Former NY1 Anchors Who Settled with Charter Communications in December Claim Retaliation in New Suit

By Kevin Eck Comment

The five female former NY1 anchors and reporters who settled a discrimination lawsuit against the stations’ parent company over claims of age and gender discrimination in December are now accusing the company of retaliation.

On Monday, the five former employees—Roma Torre, Kristen Shaughnessy, Jeanine Ramirez, Vivian Lee and Amanda Farinacci—filed a complaint with the New York City Commission on Human Rights. In the complaint, they say NY1’s parent company, Charter Communications, failed to fulfill an agreement to submit their entries for this year’s Emmy Awards. The five are represented by Wigdor, LLP.

From Wigdor:

Charter has refused to submit Roma Torre, Kristen Shaughnessy, Jeanine Ramirez, Vivian Lee and Amanda Farinacci for Emmy Award nominations for their work despite having previously agreed to do so.  By refusing to submit them for Emmy Awards, which are among the most prestigious recognitions a television journalist can receive, Charter is materially harming their careers and retaliating against them, the complaint alleges.

The complaint alleges that in December 2020, the women were each told by NY1 management that some of their work from the past year would be submitted for Emmy nominations.  For example, Charter confirmed that eight of Ms. Torre’s theatre reviews would be submitted, as well as her coverage of the George Floyd memorials and an interview she conducted with Governor Andrew Cuomo, the complaint alleges.  Other pieces that Charter agreed to submit included Ms. Shaughnessy’s coverage of Tropical Storm Isaias, Ms. Shaughnessy’s and Ms. Lee’s anchoring work the day the 2020 Presidential Election was called, Ms. Ramirez’s story in a series on gun violence in New York, and Ms. Farinacci’s profile of a New York police detective who was reunited with her biological family after 9/11, according to the complaint.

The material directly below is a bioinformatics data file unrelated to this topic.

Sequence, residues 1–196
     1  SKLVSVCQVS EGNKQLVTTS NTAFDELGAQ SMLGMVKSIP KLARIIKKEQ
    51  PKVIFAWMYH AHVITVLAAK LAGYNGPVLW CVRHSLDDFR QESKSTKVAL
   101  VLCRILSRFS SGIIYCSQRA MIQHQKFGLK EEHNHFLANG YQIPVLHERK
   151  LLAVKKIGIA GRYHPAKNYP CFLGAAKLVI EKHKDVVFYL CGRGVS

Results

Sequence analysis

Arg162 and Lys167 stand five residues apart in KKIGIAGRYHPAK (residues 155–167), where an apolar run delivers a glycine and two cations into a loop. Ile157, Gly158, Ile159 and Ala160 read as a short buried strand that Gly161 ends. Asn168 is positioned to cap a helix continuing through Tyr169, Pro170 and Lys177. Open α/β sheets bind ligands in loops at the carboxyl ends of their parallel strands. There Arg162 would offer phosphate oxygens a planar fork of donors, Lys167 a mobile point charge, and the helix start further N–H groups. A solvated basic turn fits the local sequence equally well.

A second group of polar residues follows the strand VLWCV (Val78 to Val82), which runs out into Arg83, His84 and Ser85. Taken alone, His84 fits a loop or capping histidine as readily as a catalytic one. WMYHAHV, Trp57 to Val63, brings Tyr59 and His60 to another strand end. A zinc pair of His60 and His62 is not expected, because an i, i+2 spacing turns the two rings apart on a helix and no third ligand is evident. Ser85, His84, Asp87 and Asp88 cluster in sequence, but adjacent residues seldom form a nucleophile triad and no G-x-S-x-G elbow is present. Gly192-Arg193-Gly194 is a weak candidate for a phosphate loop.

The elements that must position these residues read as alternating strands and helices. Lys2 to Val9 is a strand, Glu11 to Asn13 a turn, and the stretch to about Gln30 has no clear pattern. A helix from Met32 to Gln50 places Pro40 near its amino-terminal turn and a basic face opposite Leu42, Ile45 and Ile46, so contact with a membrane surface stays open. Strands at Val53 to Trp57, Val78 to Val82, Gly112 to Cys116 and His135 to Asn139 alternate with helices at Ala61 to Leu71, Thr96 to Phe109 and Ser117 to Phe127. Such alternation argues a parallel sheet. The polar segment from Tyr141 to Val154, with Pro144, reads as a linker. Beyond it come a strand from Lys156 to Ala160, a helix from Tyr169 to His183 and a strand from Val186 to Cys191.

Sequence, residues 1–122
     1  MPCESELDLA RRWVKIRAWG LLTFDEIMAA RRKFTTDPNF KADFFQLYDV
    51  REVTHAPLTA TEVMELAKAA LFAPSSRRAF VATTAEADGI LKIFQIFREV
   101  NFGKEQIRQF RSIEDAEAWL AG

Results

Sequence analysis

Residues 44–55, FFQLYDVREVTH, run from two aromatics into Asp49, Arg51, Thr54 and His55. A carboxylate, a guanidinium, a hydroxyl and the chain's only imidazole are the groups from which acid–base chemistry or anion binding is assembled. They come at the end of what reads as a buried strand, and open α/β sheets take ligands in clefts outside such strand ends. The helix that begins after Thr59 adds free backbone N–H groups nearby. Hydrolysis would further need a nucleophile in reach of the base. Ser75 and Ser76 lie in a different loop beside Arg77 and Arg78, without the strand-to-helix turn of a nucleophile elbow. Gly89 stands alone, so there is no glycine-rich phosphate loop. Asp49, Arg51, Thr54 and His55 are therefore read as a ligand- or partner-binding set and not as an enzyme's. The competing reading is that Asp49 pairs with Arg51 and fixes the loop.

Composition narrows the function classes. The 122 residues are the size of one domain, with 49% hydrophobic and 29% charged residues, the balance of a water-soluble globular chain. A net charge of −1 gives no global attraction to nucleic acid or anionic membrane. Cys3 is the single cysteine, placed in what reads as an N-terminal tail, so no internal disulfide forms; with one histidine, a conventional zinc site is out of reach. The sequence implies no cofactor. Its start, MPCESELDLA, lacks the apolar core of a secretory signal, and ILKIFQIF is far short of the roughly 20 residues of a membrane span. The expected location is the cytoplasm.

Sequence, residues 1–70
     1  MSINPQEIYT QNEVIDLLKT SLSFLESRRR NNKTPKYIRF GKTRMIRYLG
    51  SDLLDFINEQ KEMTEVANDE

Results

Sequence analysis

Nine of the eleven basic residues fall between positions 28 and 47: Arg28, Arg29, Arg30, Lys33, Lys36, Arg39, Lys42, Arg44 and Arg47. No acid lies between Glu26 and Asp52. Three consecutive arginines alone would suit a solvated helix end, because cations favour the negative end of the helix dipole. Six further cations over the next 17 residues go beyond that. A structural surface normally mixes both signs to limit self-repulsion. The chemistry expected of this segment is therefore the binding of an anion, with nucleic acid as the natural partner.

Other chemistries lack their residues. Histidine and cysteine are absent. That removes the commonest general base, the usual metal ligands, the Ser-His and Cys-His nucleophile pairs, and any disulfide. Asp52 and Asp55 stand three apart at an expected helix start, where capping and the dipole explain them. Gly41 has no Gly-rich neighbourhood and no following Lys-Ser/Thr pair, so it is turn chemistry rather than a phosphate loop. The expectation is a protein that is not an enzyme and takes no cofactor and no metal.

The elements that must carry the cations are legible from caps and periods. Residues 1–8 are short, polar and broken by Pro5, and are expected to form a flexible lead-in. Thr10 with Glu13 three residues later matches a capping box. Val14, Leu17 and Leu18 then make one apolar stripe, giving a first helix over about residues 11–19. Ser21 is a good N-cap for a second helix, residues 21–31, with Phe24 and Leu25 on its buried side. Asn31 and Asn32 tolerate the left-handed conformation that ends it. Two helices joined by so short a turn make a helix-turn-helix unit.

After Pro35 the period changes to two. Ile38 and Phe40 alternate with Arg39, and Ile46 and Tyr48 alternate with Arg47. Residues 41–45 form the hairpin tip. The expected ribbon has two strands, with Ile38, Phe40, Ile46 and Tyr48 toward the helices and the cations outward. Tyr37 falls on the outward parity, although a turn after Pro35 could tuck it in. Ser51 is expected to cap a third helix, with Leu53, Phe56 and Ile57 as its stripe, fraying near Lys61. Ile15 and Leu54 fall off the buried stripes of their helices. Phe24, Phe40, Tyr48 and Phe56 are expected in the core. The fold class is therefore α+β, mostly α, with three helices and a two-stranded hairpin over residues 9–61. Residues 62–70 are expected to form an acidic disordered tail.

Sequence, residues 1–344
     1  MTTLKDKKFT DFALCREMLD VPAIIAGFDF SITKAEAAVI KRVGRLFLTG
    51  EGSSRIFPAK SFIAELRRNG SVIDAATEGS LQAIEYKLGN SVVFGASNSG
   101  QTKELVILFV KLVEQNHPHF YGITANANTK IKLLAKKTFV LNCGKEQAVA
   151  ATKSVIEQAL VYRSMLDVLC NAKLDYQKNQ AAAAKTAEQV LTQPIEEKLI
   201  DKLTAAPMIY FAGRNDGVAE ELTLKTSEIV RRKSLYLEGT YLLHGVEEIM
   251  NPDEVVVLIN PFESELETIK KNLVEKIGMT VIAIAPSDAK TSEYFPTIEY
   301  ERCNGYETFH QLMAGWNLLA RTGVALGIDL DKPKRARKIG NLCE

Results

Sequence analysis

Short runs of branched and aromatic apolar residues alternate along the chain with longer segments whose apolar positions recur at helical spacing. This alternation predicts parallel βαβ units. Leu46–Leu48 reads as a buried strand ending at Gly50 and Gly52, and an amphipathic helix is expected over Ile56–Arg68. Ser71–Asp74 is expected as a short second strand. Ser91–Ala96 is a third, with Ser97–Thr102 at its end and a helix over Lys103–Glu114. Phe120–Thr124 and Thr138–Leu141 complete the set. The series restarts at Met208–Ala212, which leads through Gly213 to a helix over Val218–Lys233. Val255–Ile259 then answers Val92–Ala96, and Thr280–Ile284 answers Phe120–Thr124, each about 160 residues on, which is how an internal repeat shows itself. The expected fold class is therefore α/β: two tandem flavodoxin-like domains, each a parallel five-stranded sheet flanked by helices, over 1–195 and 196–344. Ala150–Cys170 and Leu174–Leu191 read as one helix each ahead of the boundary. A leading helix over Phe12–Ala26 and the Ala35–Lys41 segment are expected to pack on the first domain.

The deadline for Emmy Award entries is Feb. 15.

In a statement, Charter said that former employees could submit their own work for consideration.

“We reached a confidential resolution at the end of last year and as a result, have mutually agreed to part ways,” Charter Communications said in a statement. “While the women no longer work at NY1, we do not prohibit former employees from submitting their work for Emmy consideration.”

TVSpy previously reported the women, all over 40, sued the company in 2019 for giving preferential treatment to men and to younger women.

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